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Old 08-16-2012, 07:10 AM   #16
Kawidad
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A machine shop should be able to make lowering links for not a lot of money. I've seen homemade ones that work just fine, not that I recommend going that route.
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Old 08-17-2012, 07:32 AM   #17
ggamster OP
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today is the day

Well enough talking about it. Today is the day i attempt this. My wife apparently has an inseam of 27, not the 29" that i thought. The bike with the forks lowered all the way has a seat height of 34.5". For those stating to reduce the preload. The dike comes with it as low as it can go and only has 1"of sag with 190lbs on it. My wife at 110 doesn't get any sag. I will report back with results.
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Old 08-17-2012, 09:38 AM   #18
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Originally Posted by ggamster View Post
My wife apparently has an inseam of 27, not the 29" that i thought.
29 is how old she is & how old she WILL be for the foreseeable future.
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Old 08-17-2012, 10:46 AM   #19
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Just finished everything is done including the kickstand waiting on the paint to dry and now I'm going to take it for a test ride. This was incredibly easy.
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Old 08-17-2012, 02:37 PM   #20
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1" of race sag means she needs a much lighter spring. There are many ways to do a job but they all fall into two specific catagories, the right way and the wrong way. I hope you didn't/don't do anything you can't easily undo.

Good luck to you with this, hopefully it increases the ratio to give a softer ride too. If this will be the bike she really rides, invest in the right rate spring. I can't imagine it being much fun to ride at her weight with that spring.
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Old 08-17-2012, 04:05 PM   #21
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Good luck to you with this, hopefully it increases the ratio to give a softer ride too.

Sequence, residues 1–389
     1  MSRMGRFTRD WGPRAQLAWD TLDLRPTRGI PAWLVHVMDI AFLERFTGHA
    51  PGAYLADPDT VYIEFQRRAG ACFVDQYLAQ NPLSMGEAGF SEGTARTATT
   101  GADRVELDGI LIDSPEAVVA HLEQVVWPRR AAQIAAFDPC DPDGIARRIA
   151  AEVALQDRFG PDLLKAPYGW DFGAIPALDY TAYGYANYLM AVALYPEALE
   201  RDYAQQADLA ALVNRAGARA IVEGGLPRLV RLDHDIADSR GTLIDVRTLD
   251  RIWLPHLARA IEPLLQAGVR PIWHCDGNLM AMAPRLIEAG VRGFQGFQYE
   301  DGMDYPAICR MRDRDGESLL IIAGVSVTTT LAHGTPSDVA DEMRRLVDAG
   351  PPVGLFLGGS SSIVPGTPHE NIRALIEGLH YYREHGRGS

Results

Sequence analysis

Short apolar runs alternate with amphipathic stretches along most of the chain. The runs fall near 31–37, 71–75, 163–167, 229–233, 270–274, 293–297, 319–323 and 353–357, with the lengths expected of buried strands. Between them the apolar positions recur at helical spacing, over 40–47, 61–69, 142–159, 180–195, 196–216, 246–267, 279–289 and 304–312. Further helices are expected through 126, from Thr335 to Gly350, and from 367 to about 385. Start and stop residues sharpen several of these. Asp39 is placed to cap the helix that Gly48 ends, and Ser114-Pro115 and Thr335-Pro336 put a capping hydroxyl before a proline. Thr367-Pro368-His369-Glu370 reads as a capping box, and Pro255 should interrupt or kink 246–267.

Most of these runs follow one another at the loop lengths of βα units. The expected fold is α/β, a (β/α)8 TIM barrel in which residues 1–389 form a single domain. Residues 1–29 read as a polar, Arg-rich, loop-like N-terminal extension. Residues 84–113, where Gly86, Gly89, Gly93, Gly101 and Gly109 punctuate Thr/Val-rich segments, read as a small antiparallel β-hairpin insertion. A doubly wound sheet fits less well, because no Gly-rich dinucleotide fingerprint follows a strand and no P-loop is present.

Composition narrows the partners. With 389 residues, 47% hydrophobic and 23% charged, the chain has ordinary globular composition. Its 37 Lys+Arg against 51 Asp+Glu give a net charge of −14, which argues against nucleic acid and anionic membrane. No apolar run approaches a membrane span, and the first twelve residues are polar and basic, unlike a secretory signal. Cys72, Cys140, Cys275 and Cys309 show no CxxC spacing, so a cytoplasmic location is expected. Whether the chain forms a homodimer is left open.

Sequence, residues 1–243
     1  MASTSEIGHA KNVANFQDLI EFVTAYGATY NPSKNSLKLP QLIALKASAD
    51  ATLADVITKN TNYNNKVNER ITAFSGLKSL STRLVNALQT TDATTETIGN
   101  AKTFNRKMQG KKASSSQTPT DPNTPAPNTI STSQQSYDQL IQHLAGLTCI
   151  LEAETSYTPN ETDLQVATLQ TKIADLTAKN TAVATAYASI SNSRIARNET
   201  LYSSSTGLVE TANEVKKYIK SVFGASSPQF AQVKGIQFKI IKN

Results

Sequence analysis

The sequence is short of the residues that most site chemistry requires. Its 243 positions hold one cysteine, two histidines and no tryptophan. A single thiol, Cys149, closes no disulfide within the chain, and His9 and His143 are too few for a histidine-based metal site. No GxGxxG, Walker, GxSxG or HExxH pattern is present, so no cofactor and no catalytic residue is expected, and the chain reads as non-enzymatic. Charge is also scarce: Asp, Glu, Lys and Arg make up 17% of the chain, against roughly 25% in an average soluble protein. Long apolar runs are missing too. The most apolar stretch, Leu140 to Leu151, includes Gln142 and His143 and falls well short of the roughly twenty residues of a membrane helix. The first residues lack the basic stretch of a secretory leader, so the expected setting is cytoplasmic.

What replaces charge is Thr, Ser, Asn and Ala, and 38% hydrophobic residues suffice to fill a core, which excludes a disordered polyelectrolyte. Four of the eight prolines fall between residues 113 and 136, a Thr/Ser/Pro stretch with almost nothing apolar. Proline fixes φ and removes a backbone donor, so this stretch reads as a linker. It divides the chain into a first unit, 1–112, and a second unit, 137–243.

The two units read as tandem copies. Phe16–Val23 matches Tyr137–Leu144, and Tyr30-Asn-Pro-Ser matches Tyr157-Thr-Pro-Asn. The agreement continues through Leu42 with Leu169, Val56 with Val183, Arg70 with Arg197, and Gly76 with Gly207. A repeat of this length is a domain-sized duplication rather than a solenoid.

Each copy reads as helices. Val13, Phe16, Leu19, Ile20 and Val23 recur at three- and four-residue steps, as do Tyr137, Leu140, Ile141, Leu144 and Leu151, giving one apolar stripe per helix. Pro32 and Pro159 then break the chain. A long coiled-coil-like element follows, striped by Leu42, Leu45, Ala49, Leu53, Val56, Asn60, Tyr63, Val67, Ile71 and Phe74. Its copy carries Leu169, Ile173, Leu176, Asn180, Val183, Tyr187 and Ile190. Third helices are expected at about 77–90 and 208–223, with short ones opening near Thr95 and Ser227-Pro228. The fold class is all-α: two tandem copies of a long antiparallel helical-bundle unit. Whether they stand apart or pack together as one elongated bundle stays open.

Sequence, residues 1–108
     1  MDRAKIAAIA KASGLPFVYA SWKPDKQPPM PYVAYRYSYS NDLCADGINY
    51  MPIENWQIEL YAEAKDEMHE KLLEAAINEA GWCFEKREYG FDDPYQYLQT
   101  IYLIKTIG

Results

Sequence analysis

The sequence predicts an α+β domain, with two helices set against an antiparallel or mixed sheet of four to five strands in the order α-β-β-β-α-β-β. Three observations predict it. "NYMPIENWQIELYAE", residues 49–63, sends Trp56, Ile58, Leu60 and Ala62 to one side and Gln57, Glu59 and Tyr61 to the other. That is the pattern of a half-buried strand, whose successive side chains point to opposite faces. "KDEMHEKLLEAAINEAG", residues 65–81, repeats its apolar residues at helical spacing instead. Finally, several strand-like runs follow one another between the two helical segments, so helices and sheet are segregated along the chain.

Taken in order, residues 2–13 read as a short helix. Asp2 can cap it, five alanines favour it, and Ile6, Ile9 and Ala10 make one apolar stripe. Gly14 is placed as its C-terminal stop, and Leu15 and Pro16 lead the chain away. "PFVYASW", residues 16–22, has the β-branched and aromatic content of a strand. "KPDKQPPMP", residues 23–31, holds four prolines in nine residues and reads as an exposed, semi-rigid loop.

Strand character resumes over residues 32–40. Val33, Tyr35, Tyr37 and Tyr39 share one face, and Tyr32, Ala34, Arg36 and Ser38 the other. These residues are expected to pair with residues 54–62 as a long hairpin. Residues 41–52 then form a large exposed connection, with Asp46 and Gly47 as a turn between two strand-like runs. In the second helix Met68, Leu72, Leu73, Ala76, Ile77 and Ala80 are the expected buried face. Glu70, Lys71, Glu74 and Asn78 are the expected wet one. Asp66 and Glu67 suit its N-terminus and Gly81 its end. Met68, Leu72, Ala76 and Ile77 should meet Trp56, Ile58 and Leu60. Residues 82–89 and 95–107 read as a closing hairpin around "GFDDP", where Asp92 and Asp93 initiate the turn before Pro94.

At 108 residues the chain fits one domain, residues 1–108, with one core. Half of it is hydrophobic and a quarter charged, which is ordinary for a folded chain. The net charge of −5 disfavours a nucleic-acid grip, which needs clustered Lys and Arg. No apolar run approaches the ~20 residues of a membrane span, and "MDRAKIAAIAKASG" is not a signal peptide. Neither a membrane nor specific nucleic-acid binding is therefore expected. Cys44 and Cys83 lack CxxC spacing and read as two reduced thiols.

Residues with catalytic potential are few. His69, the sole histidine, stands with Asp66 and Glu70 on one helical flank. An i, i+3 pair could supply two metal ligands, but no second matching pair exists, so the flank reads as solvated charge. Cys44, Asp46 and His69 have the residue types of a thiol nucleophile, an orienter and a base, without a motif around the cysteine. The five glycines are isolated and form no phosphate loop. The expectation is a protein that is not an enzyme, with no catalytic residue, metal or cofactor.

AFAIK a lowering "dog bone" (like a Kouba) in effect softens the spring due to the change in leverage. OP might have gotten both the lowering effect AND the spring effect he wanted in one swoop. He's already shortened the shock directly so I think he's gonna need to re-spring also.

He is correct that preload should NOT be a ride height adjustment. But the problem with lowering the suspension is that now the swingarm starts out at the wrong angle. It starts off running "uphill" from the pivot to begin with. Wrong angle for the initial working travel, to go up it's also swinging the rear axle forward.
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Old 08-17-2012, 04:20 PM   #22
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HUH? Preload and race sag adjustments are very much a ride height adjustment. Did I misunderstand that comment? I'd far rather run deeper sag that use this method, at least as the first one to try it! Running more or less sag is a great way to adjust the steering/stability of a bike. I use it for changing ride height all the time.

If the spring rate were correct for the rider, and the race sag were set correctly, the seat height may very well be fine for her. 1/3rd of the travel is a pretty comically low seat height. My friend runs 5" instead of the recommended 4" on his Husky, he dropped the front by raising the forks and he is very happy with it so he can dab a foot.

He may have also run the shock into the stiffer part or the rising rate, (we need a suspension guru to chime in), making a too stiff rear even stiffer. The results should be interesting anyway.
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Old 08-17-2012, 08:52 PM   #23
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When you re-assemble the bolts , remember to use loctite and let dry for 24 hours.
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Old 08-18-2012, 08:50 AM   #24
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When you re-assemble the bolts , remember to use loctite and let dry for 24 hours.

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Old 08-20-2012, 07:53 AM   #25
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It is done and works great. I can't find any ill effects other than a 2.5" lower ground clearance but lets face it. This bike isn't going to be ripping it up on single track race any time in the near future.
http://advrider.com/forums/showthread.php?t=819032

If you have any questions just ask.
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Old 11-16-2012, 06:01 PM   #26
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http://www.rideasia.net/motorcycle-f...ear-shock.html

This is an article out of an asian forum where someone did exactly this; drilled and trimmed the stock bottom. We spent the last two hours at a local dealer trying to find some way for my 2" too short girlfriend to fit without resorting to finding an XT-250.
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